Massachusetts Peace Action works to promote national and international action to limit human-induced climate change. MAPA realizes the threat posed by climate change, and promotes a healthy environment and development. MAPA seeks to promote policies that will promote societal as well as environmental peace for our future generations.
The drought in Syria illustrates the interconnected nature of peace and climate. It lasted from 2006 to 2009 and contributed to civil unrest and uprisings against the Assad regime in 2011. In 2015, Scientists published a report in the Proceedings of the National Academy of Scientists linking that drought to human induced climate changes in the region. Therefore, climate change contributed to precipitating the Civil War in Syria today.
The mass migration of Syrian refugees to neighboring countries and beyond during this conflict may be only a preview of the vast numbers of climate refugees that global warming will create in the coming years. Climate change and peace are intimately connected. Even the Defense Department sees climate change as a “threat multiplier.” One cannot hope for long term stability and peace without addressing the climate crisis.
Such an effort will require global cooperation. The U.N. Climate Change talks in Paris last December were an important step in coming to international consensus about the reality of human caused climate change. While all parties agreed on the importance of keeping temperature rises below two degrees Celsius difference from their pre-industrial levels, these talks did not lay a binding and enforceable framework to keep countries such as China, India, and the U.S. from veering away from the agreement.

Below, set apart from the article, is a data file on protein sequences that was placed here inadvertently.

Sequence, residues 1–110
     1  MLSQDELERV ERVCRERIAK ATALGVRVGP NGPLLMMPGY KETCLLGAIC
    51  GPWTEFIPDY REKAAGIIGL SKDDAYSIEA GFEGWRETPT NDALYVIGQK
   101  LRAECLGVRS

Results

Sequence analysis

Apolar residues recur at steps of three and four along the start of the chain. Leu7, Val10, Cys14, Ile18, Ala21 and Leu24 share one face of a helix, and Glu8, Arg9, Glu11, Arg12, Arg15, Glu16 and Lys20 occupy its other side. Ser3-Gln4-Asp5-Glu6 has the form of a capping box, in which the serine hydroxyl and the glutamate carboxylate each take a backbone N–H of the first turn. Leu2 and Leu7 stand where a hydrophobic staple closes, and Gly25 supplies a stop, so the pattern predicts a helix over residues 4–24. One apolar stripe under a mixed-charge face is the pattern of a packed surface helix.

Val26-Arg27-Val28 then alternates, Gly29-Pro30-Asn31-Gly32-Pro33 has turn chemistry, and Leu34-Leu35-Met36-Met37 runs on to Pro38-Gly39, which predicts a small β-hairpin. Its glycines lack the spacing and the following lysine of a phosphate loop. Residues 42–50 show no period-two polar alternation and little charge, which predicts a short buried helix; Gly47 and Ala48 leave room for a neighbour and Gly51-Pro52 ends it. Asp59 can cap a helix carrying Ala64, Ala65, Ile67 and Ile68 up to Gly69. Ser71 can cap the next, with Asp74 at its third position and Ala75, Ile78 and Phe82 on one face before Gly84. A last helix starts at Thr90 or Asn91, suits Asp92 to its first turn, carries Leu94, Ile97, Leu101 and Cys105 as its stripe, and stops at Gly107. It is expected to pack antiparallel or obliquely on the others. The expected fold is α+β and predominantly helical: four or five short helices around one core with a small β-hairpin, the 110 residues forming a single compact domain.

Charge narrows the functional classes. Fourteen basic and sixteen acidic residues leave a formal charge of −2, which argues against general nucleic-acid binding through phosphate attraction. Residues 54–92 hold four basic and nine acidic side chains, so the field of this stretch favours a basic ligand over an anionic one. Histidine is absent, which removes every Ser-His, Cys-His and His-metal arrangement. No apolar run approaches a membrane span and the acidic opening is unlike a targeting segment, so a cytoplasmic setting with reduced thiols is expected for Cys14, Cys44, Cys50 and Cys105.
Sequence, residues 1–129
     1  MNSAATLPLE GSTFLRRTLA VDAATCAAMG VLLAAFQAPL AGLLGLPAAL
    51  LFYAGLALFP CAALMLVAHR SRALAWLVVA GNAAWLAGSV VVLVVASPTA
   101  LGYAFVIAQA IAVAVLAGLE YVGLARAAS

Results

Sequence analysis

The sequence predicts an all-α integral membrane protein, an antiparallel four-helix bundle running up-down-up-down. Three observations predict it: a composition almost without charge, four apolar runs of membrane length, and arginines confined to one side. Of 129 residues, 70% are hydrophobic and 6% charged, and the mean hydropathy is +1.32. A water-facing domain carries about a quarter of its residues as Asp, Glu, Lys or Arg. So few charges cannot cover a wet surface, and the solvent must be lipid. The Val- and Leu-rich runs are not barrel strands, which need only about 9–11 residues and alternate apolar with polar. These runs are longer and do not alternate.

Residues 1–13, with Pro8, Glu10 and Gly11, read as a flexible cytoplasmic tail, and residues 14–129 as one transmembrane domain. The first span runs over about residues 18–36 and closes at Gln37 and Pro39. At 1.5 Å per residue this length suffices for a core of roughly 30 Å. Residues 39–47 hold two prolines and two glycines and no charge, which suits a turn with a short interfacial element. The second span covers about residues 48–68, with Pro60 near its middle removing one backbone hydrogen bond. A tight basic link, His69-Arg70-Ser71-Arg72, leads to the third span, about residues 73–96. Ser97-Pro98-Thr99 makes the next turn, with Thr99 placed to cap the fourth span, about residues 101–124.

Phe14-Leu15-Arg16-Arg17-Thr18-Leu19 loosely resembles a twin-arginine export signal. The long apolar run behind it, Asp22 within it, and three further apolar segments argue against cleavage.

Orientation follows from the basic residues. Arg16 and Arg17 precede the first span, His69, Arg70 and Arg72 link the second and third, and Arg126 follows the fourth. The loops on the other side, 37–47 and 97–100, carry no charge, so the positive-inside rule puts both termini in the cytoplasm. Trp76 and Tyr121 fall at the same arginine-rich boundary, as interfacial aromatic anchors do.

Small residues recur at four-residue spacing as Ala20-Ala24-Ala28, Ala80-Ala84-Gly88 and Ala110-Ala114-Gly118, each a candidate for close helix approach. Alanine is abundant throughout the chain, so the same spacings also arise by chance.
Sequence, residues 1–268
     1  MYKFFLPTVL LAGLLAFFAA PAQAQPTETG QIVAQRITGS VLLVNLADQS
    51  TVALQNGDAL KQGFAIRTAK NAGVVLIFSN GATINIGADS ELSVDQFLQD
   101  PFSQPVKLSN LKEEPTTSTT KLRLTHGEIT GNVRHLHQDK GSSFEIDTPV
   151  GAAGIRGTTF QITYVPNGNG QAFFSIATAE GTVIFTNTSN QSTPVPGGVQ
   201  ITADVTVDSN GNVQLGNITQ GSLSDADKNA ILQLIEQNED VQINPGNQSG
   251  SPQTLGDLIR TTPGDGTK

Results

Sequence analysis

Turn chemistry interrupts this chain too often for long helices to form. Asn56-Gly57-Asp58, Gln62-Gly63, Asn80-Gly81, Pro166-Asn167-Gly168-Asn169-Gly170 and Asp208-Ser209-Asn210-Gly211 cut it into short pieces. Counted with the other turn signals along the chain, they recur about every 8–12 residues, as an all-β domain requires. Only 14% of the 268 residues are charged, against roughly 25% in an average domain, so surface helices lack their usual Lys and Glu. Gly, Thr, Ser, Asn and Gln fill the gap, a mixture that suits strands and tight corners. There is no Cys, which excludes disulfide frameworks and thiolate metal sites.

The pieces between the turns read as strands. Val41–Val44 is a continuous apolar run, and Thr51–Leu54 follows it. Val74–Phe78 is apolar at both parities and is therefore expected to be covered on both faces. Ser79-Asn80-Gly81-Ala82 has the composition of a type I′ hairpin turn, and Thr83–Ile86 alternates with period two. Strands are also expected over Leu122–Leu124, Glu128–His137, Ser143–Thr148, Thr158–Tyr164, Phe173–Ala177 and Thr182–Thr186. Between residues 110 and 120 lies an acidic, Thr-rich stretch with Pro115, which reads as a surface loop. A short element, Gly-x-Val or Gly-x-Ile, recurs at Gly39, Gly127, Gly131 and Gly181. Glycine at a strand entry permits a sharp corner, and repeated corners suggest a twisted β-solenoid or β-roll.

We must put pressure on our leaders to address the climate crisis. Massachusetts Peace Action emphasizes the multiple connections between issues of climate and peace.
Conversion. Our society and economy must undergo a fundamental conversion to reach a peaceful future beyond fossil fuels. This includes a new economy based on sustainable energy sources and prioritization of peaceful objectives
Global Petroleum Supply Chain. Shipment of petroleum around the world is rendered unnecessary by renewable energy and conservation. Continued shipping of petroleum degrades the climate, and defending that supply chain has significant military costs (not just financial, but also on human life)
The U.S. Military is the single largest institutional contributor to greenhouse gas emissions in the world. Re-allocating spending away from the Military will allow pursuit of other “public goods,” and also reduce greenhouse gas emissions.
Climate Change is a threat multiplier. The U.S. Department of Defense has identified climate change as a threat multiplier, and has developed programs to address the threats that it poses. Mitigating climate change will abate the multiplication of threats, and in the process reduce military spending.
Jobs at Home. U.S. military and energy practices and policies result in the creation of jobs abroad that could be in the United States. The jobs should be brought home to peaceful, sustainable pursuits.
International cooperation. To respond to climate disruption, we need increased cooperation to ensure people are taken care of, both on the community level and on the international level. We need strong international agreements that give the environment and the world economy a path forward.
The Massachusetts Peace Action Climate Change task force works with several environmental organizations to promote events and awareness of climate change issues. In addition, MAPA works with these other groups to protest continued destruction of the environment without concern from corporations or the government.
Learn more about the Climate and Peace Working Group
Read the 2017 Work Plan for Climate and Peace